Genesis

After the paper route, before mom woke up, was my favorite hour of each day. No chores or schoolwork or shouting then. It was the nineties and we had a SEGA Genesis and a 13-inch bubble TV. Chad and I were allowed one hot drink to warm up from the cold morning we had just biked through. I would make an apple cider and Chad would make “Fudge”: hot chocolate with only a few drops of water. We played NBA Jam, Sonic the Hedgehog, and Mario Andretti Racing, but mostly we played Road Rash 3. We raced on motorcycles through Brazil, Italy, and Kenya, clubs or crowbars in hand. We saved up our prize money for better bikes. After hearing the course songs again and again, we turned off the music and listened instead to the rev of the engines. There were peaceful silences and rowdy victories. Chad and I were a team.

 

*

 

I lost my virginity after a night of video games. I’m not saying it was destiny, but perhaps it wasn’t coincidental either. Kyle was playing Grand Theft Auto: Vice City; I was taking a shot of Sambuca each time he gunned someone down. At twenty-one, I had learned to be afraid of men. Cartoon-red blood spurted from the bodies he killed, unlike the crimson blood that would later trickle from my own body. I was afraid of him, of course. Of his real-life gun and menacing stature and even the gaps in his teeth. But there was something about watching him play a game that reminded me of home. I followed him to the bedroom, blurry between the virtual and the real.

 

*

 

Many days after school, my seven-year-old son and I play Donkey Kong Country. The retro Super Nintendo is his favorite pastime. He heckles me for falling to my death trying to avoid the armadillos. After all, I played it before as a kid, he reminds me. I slap Diddy Kong in, let him finish the level. I watched my neighbor play this same game twenty-five years ago. Although I was at their house for Mall Madness with his sister, I would sit there instead and watch Cody, rapt. One summer the neighbors invited me to their cabin. I was so surprised when mom said I could go. “Are you bringing along the Super Nintendo?” I asked Cody. I haven’t told my son that I mostly watched people play Super Nintendo games. I’ll let him keep expecting me to be as good at them as I am at SEGA games.

 

*

 

Moments surrounding a game console are hard-wired into my memory. The first time I played Super Nintendo was at the beach house of a family from our church. My brother and I sat on bunks and watched Josh play Mario Kart. After awhile, he offered me the controller. Excited, I swayed the entirety of my small body into the direction of each turn. Josh laughed at me, then gently said I didn’t need to do that, that I could just push the arrow buttons. I never wanted to stop playing. I wanted to get better, wanted to win, wanted to impress the boy who was so kind to me. That weekend we also dug clams from the wet sand. Afterward, there was a bucket of them in our kitchen. When I walked by it, I noticed their necks—how they stuck out from their shells.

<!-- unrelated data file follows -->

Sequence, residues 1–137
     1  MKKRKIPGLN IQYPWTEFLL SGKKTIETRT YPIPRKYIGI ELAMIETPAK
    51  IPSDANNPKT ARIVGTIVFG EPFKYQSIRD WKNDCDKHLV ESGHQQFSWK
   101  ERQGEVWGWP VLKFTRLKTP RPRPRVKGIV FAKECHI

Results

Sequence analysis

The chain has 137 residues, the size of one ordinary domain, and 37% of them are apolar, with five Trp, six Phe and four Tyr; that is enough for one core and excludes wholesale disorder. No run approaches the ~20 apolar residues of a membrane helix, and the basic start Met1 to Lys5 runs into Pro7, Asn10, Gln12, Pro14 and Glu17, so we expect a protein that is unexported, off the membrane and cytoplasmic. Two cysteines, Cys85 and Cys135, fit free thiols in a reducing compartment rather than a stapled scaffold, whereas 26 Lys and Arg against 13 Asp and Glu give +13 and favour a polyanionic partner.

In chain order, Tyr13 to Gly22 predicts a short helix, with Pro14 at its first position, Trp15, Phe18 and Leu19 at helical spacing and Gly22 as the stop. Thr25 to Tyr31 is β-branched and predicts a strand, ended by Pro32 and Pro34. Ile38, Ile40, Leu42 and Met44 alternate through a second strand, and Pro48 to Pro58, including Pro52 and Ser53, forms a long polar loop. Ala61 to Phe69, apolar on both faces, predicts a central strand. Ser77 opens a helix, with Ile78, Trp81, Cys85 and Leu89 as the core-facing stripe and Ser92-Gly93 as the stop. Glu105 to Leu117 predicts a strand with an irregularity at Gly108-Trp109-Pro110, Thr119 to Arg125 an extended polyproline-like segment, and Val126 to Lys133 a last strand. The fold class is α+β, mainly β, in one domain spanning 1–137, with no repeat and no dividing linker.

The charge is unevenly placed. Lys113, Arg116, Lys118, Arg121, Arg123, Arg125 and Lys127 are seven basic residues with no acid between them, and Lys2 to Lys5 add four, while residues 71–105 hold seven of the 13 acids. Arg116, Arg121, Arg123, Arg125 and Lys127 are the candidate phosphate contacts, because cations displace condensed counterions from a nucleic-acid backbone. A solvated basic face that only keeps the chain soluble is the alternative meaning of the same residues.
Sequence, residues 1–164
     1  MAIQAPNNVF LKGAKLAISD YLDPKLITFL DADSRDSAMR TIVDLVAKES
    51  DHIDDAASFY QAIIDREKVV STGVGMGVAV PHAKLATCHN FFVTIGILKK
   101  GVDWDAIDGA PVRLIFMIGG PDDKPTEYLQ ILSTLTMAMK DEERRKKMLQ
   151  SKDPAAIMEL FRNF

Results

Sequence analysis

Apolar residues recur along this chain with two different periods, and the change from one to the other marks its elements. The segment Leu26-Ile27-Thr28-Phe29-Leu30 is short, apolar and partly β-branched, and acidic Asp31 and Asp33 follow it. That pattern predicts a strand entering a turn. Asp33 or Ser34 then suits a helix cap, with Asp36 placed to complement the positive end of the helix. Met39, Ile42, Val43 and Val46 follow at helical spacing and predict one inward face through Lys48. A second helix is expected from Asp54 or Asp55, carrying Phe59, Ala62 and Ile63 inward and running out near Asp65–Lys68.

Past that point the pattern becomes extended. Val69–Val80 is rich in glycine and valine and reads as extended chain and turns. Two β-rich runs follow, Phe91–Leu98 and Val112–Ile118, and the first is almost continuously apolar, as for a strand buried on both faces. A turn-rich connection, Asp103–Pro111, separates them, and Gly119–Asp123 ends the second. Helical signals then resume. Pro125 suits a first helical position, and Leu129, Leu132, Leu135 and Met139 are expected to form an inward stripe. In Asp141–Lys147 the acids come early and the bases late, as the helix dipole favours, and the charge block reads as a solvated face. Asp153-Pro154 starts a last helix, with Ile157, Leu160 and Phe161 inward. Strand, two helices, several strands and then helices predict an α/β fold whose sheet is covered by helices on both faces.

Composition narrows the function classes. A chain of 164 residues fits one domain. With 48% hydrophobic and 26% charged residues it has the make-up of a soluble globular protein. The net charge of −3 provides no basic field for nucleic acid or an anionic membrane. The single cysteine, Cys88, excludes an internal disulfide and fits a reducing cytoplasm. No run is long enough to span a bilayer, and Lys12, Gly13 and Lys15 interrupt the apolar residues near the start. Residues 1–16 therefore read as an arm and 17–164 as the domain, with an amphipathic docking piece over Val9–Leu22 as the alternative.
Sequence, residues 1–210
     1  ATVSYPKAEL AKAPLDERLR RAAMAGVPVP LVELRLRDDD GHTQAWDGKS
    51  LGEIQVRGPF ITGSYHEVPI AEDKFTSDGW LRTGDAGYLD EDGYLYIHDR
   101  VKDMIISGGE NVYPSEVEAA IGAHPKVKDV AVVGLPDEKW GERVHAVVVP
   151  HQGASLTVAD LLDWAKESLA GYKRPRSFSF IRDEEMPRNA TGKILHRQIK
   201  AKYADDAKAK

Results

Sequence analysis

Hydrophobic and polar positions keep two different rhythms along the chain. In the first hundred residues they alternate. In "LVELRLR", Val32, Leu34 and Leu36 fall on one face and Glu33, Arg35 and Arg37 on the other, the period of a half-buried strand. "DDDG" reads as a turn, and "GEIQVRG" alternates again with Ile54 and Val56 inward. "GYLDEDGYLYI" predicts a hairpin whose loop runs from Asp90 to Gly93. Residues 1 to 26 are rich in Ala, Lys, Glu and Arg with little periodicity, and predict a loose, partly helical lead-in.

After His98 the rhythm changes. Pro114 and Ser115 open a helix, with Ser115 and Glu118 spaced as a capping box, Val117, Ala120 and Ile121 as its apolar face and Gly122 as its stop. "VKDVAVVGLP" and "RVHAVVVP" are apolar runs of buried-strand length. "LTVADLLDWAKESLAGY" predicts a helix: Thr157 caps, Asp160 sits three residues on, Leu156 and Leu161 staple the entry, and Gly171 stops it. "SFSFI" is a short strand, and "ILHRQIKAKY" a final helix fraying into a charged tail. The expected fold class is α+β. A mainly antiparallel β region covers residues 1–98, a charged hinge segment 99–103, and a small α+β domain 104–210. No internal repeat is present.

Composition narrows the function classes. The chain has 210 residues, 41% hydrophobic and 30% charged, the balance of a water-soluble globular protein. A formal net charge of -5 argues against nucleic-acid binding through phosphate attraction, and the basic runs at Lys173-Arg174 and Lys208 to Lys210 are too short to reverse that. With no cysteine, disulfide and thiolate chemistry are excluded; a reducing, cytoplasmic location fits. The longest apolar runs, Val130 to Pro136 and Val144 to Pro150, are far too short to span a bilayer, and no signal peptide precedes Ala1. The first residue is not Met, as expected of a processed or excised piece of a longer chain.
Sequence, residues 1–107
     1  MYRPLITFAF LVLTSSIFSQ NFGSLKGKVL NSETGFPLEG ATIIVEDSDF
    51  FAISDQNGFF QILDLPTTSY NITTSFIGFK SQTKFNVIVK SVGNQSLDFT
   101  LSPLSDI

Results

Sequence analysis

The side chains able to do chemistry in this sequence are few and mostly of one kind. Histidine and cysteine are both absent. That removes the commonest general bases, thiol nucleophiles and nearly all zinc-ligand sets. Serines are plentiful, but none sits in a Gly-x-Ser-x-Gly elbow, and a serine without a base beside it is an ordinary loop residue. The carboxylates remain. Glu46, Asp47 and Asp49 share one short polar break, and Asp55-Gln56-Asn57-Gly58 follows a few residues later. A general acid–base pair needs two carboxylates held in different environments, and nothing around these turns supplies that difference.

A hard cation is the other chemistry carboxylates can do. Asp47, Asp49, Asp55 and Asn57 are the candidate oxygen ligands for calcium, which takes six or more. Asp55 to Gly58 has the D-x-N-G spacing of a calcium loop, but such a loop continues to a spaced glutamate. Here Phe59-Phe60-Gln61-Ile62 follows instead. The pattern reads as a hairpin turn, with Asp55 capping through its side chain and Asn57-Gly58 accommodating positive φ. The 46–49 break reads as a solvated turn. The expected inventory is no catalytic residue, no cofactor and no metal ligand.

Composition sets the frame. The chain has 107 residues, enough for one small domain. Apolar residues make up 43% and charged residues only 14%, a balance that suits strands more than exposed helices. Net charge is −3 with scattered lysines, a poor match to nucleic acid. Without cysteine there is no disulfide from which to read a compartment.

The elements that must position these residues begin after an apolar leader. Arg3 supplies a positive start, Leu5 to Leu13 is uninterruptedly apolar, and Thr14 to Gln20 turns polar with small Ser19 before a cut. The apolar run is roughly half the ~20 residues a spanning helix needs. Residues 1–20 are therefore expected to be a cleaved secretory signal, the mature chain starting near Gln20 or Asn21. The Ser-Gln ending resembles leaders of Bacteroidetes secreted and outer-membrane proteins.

*

 

I moved away from my family a long time ago. I take my sons to visit them once a year. By the time we see them again, so many days have passed, and we have missed so much it seems pointless to try to catch up. Instead, my boys play video games with their cousins. This year it was Minecraft but the visit before it was Animal Jam. I see them growing up in the glow of their iPads. Because my mother had moved away from her own family, I also saw my cousins once a year. We didn’t ask each other about school or crushes or how much we hated our mothers then. We played video games. In that Papasan chair, we took turns with the controller, instantly comfortable. We didn’t know much about each other but we knew how to play Sonic 2.

 

*

 

There was a night once I don’t remember. I mean I remember up to the point I don’t. I remember drinking in a bar, covering my drink with a flimsy coaster before I went to the bathroom because I didn’t have a friend around. At closing time, I went out to my car and a man whose advances I’d been shooting down followed me. The next thing I knew, sparks were flying, I was ramming into signs and medians, convinced it was a video game. It would all be over soon and if I couldn’t win I could go out in a blaze of glory.

 

*

 

I had just given away my baby and moved halfway across the country when I got my first apartment. I went to Gamers for a SEGA Genesis. It was only $60 in 2005. The clerk tried to sell me a PlayStation 2 for $150 instead. “It’s more updated,” he said, “it has better graphics.” He said it as if I didn’t already know, like I was there buying something for my boyfriend. “I’m just here for a SEGA and Road Rash 3,” I repeated. I carried my purchase to my new home and set it up, nostalgic for what had come before.

Holly Pelesky is a lover of spreadsheets, giant sandwiches, and handwritten letters. Her essays have appeared in The Nasiona and Jellyfish Review, among other places. Her poems are bound in Quiver: A Sexploration. She holds an MFA from the University of Nebraska. She cobbles together gigs to eke by, refusing to give up this writing life. She lives in Omaha with her two sons. Read more. Follow here.

Submit a comment